Carrefour SA, Europe’s biggest retailer, said its dairy sales in China fell by 50 percent after government tests showed chemical tainting of milk products.
Sales started to recover in the past week and may be back to normal in about a month, said Eric Legros, Carrefour’s managing director for China. Dairy products account for about 1 percent of the Paris-based company’s total revenue in China.
“The most important thing we need now is to be rational because without being rational you have panic and panic is no good for anyone,” Legros said in an interview yesterday at a regional development conference in the western city of Chongquing.
China pulled more than 7,000 tonnes of dairy products from shops after they were found to be laced with melamine, typically used to make plastics and tan leather. Twenty-two dairy producers were found to have used the chemical that has caused kidney stones in babies. Tainted milk formula killed four infants and sickened 53,000 in China.
“I think it’s important that we explain to consumers that there’s nothing wrong with milk,” Legros said. “It’s only that some processors added bad stuff to the milk.”
The contaminated products were first found in baby milk powder produced by Sanlu Group (三鹿), 43 percent-owned by New Zealand’s Fonterra Cooperative Group.
Carrefour spokesman Chen Bo (陳波) said the chain had pulled Sanlu milk powder off its shelves, Xinhua reported on Sept. 12.
The French company, which has 120 stores in China, supplies fruits from China to Europe, while it doesn’t ship milk or dairy products, Legros said.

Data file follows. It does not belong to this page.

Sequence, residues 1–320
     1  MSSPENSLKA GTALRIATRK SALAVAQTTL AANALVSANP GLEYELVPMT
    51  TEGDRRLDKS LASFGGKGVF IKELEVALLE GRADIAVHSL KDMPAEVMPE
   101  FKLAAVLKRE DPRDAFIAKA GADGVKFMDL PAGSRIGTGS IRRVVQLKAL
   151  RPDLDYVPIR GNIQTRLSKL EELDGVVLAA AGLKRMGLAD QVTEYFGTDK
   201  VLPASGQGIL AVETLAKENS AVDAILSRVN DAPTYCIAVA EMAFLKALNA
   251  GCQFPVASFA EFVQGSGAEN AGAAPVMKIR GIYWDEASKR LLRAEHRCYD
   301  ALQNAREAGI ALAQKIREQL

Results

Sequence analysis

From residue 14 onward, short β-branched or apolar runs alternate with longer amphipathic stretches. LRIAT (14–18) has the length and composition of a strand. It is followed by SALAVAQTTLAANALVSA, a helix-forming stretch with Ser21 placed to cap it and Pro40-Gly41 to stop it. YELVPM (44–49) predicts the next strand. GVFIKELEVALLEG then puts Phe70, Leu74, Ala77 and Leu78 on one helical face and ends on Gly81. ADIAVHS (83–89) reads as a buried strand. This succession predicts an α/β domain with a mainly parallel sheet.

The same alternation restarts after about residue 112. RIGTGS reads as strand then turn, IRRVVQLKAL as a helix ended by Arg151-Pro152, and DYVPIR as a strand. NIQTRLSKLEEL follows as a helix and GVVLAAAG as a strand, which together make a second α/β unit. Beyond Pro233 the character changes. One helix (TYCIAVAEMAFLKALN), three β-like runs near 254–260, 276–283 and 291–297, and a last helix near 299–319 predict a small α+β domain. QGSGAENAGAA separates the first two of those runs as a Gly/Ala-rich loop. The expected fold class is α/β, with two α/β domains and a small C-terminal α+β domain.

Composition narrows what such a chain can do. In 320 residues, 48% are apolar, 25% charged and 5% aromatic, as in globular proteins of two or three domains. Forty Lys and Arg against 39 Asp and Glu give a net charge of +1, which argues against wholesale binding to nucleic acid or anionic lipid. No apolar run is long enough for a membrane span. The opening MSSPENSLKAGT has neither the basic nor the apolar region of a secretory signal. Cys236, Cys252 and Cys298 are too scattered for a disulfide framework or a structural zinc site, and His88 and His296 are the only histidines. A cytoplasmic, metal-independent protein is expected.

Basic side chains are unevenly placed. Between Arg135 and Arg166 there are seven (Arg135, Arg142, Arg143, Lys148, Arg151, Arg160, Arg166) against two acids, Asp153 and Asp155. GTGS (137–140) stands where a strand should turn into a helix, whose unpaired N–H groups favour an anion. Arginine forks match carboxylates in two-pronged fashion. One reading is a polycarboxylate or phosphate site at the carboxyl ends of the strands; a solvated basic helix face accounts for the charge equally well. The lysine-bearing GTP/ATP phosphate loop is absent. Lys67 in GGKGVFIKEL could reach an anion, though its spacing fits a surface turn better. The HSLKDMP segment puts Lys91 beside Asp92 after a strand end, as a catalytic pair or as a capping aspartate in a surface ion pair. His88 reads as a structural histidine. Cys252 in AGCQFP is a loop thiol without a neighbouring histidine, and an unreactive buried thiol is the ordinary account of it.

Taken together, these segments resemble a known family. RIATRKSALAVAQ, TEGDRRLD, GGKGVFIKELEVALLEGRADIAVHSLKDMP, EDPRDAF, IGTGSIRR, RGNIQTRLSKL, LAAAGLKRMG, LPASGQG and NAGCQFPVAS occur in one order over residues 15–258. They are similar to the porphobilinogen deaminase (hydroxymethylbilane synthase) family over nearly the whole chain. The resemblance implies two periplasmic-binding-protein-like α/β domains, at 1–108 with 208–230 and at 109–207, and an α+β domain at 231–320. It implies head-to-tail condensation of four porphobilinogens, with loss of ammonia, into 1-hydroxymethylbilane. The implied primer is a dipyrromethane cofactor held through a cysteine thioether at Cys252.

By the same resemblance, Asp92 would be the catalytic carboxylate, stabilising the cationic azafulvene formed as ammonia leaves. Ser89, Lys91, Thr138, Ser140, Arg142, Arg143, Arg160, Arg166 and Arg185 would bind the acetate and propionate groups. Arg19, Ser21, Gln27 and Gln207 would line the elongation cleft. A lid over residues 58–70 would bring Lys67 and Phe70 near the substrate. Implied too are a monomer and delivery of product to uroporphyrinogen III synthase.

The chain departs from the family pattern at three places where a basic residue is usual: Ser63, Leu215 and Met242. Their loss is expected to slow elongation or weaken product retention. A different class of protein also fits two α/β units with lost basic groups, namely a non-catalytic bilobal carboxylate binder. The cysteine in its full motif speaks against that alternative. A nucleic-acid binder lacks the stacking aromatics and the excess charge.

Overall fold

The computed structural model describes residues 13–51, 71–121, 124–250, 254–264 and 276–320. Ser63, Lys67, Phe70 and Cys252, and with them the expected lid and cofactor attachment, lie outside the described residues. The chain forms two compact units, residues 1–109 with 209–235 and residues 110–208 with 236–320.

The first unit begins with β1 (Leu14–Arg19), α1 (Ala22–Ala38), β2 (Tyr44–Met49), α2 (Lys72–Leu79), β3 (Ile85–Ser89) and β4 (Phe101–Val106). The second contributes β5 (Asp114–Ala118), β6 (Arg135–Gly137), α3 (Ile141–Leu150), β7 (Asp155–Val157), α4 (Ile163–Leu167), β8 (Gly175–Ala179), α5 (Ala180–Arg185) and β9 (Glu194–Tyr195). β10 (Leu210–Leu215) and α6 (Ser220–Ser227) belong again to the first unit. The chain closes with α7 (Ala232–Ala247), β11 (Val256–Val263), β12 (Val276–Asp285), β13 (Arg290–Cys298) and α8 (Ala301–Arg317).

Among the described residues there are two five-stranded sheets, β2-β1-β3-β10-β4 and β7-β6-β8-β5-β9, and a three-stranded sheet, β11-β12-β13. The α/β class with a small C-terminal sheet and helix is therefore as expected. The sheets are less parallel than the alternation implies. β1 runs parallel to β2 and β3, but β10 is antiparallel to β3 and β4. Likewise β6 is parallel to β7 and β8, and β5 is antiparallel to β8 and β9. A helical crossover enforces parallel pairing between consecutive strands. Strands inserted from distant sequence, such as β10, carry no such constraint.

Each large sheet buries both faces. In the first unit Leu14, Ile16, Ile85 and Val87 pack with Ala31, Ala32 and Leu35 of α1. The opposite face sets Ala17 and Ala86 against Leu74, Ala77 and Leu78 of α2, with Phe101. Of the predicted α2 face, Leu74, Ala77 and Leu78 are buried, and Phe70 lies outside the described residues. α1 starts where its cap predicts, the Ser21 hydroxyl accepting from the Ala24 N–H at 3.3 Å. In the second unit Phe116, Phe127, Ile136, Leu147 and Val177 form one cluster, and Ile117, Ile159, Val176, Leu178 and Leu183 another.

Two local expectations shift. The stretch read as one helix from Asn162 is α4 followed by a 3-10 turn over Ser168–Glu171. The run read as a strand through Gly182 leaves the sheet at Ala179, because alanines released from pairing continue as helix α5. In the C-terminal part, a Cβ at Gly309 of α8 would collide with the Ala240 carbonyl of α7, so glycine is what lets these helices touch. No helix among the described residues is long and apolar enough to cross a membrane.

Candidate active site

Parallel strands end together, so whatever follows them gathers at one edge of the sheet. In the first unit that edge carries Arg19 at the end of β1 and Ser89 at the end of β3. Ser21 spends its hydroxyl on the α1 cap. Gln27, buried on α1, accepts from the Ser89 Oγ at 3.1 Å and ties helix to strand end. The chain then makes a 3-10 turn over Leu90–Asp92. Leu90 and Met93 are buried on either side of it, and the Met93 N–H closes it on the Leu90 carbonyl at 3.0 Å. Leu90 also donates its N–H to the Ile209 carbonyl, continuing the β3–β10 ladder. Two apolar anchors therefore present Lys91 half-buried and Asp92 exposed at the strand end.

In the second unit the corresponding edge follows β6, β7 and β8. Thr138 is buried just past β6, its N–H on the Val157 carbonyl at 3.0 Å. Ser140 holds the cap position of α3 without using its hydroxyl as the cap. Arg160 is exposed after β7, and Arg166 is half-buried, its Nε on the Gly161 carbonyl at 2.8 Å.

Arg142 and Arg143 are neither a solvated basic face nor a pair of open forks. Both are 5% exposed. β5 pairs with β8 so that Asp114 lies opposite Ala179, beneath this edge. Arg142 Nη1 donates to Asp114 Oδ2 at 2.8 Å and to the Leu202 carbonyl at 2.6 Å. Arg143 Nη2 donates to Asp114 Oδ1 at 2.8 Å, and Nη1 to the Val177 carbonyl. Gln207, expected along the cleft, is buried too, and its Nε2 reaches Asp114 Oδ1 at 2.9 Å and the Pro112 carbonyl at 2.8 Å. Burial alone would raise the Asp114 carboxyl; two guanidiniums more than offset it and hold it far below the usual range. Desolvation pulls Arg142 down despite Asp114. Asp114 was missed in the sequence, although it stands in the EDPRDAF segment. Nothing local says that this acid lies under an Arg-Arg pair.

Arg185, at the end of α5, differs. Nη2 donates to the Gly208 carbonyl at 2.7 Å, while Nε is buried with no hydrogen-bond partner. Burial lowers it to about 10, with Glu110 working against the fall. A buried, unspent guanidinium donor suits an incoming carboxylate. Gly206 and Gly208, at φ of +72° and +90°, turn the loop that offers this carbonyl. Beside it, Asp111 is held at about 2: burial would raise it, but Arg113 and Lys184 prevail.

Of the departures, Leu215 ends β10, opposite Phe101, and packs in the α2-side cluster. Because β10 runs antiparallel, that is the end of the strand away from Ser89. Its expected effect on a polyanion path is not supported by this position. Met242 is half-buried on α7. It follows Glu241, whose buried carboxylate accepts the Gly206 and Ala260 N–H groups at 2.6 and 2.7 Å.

H.J. Heinz Co, the world’s largest ketchup maker, said on Friday it would recall 270 cases of baby food in Hong Kong after finding traces of melamine. Seven instant coffee and milk tea products made in China are being recalled in the US, the first announced by the US Food and Drug Administration.
Chinese authorities have pulled more than 7,000 tonnes of milk powder, liquid milk and other dairy products that were contaminated.
China’s agricultural ministry said yesterday that inspectors have begun cracking down on lax production methods in 16 dairy and feed-producing regions.
The eight inspection teams are part of efforts to overhaul the US$20 billion dairy industry, focusing on weeding out problems, establishing quality standards and enforcing supervision, the ministry said in a statement.
China, the world’s biggest agricultural producer, is trying to quell rising concern about its food-safety controls after 22 companies were found to have sold dairy products tainted with melamine. More than 20 countries and markets have banned milk products from China.
“It’s an important task for us to revive consumers’ confidence in China-made dairy products,” Commerce Minister Chen Deming (陳德銘)said yesterday on the ministry’s Web site. “We need to achieve this through effective supervision and adopt better quality standards and product testing.”
Deputy agricultural ministers and senior economists are leading the overhaul work in Beijing, Henan, Inner Mongolia, Liaoning, Hebei, Xinjiang and Heilongjiang, the statement said.
“The bottom-line task is to take forceful measures to ensure all diary products made after Sept. 14 are problem-free,” Wang Yong (王勇), China’s chief quality supervisor, said in a statement yesterday.
The General Administration of Quality Supervision, Inspection and Quarantine agency has said no contamination was found in milk products made after Sept. 14.
Chinese scientists have developed a chemical substance enabling cheaper and faster testing for melamine, the Xinhua news agency said Saturday. The reagent can detect melamine in 20 minutes at a cost of 20 yuan (US$2.90), compared with liquid chromatography methods which take a week and cost 2,000 yuan, the report said.
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